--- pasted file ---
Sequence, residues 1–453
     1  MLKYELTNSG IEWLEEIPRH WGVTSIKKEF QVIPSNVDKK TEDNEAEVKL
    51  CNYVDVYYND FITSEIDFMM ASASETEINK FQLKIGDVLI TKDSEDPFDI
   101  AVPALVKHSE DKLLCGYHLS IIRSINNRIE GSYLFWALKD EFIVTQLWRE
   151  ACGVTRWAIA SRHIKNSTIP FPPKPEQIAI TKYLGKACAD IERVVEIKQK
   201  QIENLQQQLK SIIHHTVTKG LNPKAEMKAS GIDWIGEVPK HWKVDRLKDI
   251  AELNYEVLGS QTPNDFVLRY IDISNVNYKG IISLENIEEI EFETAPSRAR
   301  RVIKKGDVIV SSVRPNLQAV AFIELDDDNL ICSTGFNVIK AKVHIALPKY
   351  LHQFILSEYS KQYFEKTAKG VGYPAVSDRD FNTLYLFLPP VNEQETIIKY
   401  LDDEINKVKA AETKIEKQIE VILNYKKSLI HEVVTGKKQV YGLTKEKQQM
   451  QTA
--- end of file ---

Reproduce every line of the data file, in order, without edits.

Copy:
Sequence, residues 1–453
     1  MLKYELTNSG IEWLEEIPRH WGVTSIKKEF QVIPSNVDKK TEDNEAEVKL
    51  CNYVDVYYND FITSEIDFMM ASASETEINK FQLKIGDVLI TKDSEDPFDI
   101  AVPALVKHSE DKLLCGYHLS IIRSINNRIE GSYLFWALKD EFIVTQLWRE
   151  ACGVTRWAIA SRHIKNSTIP FPPKPEQIAI TKYLGKACAD IERVVEIKQK
   201  QIENLQQQLK SIIHHTVTKG LNPKAEMKAS GIDWIGEVPK HWKVDRLKDI
   251  AELNYEVLGS QTPNDFVLRY IDISNVNYKG IISLENIEEI EFETAPSRAR
   301  RVIKKGDVIV SSVRPNLQAV AFIELDDDNL ICSTGFNVIK AKVHIALPKY
   351  LHQFILSEYS KQYFEKTAKG VGYPAVSDRD FNTLYLFLPP VNEQETIIKY
   401  LDDEINKVKA AETKIEKQIE VILNYKKSLI HEVVTGKKQV YGLTKEKQQM
   451  QTA